'Project Sepik' calls for PNG Govt to halt Frieda mining project

1:59 pm on 9 April 2020

In Wewak a group called 'Project Sepik', says the Papua New Guinea government should say "no" to the proposed Frieda River mining project.

The East Sepik civil society group said there had been inadequate environmental impact statements conducted.

The copper and gold mine was being planned by an Australian-registered, but Chinese government -owned company, called PanAust.

Project Sepik made the call after the views of 10 independent experts on the impact statement went to PNG's Conservation and Environmental Protection Authority.

The expert reports were sought by Project Sepik in collaboration with the PNG legal advocacy group, the Centre for Environmental Law & Community Rights.

Frieda River heading north to join the Sepik River.

Frieda River heading north to join the Sepik River. Photo: Facebook - SEPIK Capital, PNG - Wewak Urban Local Level Government

They noted the developers of the Frieda project could not show mine waste could be stored in such a way that the Frieda River wouldn't be damaged.

They also noted that, given the development would be in a seismically active area and subject to extreme rainfall, a ruptured tailings dam could cause catastrophic damage.

In addition they said there was no evidence that free, prior and informed consent had been given by all of the landowners - something they note is essential for an environmental impact assessment.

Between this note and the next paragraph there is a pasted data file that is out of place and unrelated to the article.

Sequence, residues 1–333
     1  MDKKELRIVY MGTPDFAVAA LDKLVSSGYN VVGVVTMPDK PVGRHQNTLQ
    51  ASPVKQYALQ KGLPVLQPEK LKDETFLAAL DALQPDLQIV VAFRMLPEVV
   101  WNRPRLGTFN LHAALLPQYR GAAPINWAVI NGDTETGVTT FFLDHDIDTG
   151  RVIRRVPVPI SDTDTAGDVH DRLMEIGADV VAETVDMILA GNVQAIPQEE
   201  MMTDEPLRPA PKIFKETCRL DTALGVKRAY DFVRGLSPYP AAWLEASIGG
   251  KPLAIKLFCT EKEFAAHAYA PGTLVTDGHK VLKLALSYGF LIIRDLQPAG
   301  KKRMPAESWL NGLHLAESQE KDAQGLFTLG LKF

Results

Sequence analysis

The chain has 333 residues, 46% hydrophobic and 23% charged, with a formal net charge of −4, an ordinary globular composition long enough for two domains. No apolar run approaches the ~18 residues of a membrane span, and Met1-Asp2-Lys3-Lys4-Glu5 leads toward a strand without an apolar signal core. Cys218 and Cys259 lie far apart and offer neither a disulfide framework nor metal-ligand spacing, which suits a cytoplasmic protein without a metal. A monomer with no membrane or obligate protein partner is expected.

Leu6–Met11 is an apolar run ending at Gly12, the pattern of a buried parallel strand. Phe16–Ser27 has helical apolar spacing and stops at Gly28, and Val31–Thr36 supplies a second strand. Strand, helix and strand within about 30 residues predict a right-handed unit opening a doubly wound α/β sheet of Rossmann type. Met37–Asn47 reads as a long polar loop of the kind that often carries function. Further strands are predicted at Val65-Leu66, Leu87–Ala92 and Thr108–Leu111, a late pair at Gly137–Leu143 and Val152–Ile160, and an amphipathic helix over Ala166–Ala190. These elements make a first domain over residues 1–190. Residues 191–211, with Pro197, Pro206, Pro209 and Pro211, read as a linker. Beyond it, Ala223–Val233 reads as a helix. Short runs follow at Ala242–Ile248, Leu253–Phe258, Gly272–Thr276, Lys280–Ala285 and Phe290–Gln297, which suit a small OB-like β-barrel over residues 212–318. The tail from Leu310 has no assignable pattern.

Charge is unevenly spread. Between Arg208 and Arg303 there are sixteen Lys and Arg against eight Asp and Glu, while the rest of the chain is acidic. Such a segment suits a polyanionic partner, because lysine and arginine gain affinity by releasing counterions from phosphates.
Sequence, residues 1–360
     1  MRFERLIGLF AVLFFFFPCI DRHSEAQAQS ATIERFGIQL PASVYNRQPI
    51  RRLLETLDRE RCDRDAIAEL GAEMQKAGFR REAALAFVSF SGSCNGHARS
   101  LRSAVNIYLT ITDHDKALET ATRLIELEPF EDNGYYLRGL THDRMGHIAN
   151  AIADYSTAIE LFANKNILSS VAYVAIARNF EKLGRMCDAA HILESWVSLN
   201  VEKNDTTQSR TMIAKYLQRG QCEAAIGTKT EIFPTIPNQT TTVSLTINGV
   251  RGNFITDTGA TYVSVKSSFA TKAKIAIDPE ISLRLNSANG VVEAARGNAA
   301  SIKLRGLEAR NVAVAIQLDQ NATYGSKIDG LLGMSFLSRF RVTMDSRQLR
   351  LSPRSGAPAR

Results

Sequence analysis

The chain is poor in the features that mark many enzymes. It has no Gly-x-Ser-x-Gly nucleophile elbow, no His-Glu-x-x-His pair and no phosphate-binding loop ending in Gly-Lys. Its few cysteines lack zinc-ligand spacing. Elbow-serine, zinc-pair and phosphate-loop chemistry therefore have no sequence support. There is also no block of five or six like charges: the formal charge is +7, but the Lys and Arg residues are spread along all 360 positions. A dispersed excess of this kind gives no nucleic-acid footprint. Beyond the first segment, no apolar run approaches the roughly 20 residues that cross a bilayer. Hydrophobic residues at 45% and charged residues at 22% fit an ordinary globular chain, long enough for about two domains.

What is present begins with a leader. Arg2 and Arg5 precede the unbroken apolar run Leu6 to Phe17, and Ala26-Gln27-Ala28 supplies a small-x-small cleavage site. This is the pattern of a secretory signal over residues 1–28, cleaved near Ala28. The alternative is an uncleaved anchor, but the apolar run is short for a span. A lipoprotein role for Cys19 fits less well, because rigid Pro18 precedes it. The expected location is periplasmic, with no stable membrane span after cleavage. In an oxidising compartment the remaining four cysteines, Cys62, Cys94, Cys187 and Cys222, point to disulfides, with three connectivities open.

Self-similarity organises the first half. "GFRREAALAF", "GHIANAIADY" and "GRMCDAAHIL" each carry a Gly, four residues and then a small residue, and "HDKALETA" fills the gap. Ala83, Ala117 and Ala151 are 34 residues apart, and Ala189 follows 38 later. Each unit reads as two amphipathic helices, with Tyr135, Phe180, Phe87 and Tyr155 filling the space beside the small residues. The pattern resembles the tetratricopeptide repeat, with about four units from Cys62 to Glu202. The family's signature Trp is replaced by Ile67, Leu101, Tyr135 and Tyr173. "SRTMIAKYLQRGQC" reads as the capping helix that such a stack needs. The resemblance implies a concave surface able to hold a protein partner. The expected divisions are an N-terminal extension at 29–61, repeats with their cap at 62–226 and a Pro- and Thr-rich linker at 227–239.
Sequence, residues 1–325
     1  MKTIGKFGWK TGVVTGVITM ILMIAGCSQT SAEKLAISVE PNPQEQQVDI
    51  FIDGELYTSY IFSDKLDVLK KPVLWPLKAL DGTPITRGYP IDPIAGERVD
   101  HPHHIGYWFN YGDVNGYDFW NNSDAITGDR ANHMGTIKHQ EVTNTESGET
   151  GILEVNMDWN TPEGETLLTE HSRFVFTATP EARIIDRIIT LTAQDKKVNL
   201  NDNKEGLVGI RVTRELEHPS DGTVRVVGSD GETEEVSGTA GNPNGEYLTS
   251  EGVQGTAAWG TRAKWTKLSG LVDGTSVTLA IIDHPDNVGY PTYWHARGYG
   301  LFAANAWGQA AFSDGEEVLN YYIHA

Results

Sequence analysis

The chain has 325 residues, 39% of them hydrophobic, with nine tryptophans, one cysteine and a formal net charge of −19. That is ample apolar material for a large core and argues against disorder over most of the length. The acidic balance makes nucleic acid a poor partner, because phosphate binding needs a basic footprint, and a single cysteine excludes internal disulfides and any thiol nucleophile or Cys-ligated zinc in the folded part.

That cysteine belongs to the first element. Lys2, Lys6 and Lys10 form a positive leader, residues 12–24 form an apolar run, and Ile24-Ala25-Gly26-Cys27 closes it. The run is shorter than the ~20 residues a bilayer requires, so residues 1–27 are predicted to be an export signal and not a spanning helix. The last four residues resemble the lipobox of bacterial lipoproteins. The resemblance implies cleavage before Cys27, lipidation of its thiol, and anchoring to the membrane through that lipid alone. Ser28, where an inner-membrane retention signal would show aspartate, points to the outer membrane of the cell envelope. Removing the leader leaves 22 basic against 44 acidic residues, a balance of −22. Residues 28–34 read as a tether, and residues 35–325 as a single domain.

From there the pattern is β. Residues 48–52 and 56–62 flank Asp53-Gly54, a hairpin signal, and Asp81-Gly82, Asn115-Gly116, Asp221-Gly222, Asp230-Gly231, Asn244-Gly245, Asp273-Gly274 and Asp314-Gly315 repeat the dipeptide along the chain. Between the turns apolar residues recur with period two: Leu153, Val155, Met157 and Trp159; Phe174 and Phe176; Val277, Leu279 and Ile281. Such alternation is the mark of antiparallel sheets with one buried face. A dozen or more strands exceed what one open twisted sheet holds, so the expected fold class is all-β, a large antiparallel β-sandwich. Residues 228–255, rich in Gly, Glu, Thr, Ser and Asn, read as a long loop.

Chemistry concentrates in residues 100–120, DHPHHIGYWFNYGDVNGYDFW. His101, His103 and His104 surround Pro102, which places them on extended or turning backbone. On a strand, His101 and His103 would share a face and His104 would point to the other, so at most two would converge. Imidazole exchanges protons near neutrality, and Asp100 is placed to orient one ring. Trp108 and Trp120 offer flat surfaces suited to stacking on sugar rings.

And the impact assessments didn't include the information necessary to show that a comprehensive analysis was done.

This included details about the operation and closure of the mine, an assessment of the proposed airport, and a resettlement plan for the 4 villages requiring relocation.

"The 100,000 people who live on the Sepik don't want this mine," said Emmanuel Peni, the co-ordinator of Project Sepik.

"It will not bring the promised benefits to my people and it will endanger the beautiful Sepik river, which provides us not only with our home but our livelihood and also defines our identity."

Project Sepik's push came as it joined with two Australian NGOs, Jubilee Australia and Aidwatch, in launching a campaign called "Save the Sepik."

Jubilee Australia's Luke Fletcher referenced the OK Tedi disaster saying they were still tracking the ongoing tailings disaster in Bougainville.

"In both cases the tailings released into these rivers contaminated and killed fish, caused mass flooding and the spread of contaminated mud, decimated land previously used for growing food and led to the leaching of heavy metals in a chemical process called acid rock drainage," Mr Fletcher said.

"The Australian-sanctioned destruction of PNG's natural environment must end now with the rejection of PanAust's irresponsible plans for the Sepik."

Natalie Lowrey, the co-ordinator of Aidwatch said the Sepik region was a haven of biodiversity and home to some of PNG's rarest plants and animals.

"It is the largest unpolluted freshwater system in Papua New Guinea and one of the largest and most intact freshwater basins in the Asia Pacific.

"Yet if the mine were to go ahead, the region could face catastrophic and permanent destruction," Ms Lowrey claimed.

Comment on the call made by the NGOs was sought from the company by RNZ Pacific, but there has been no response to date.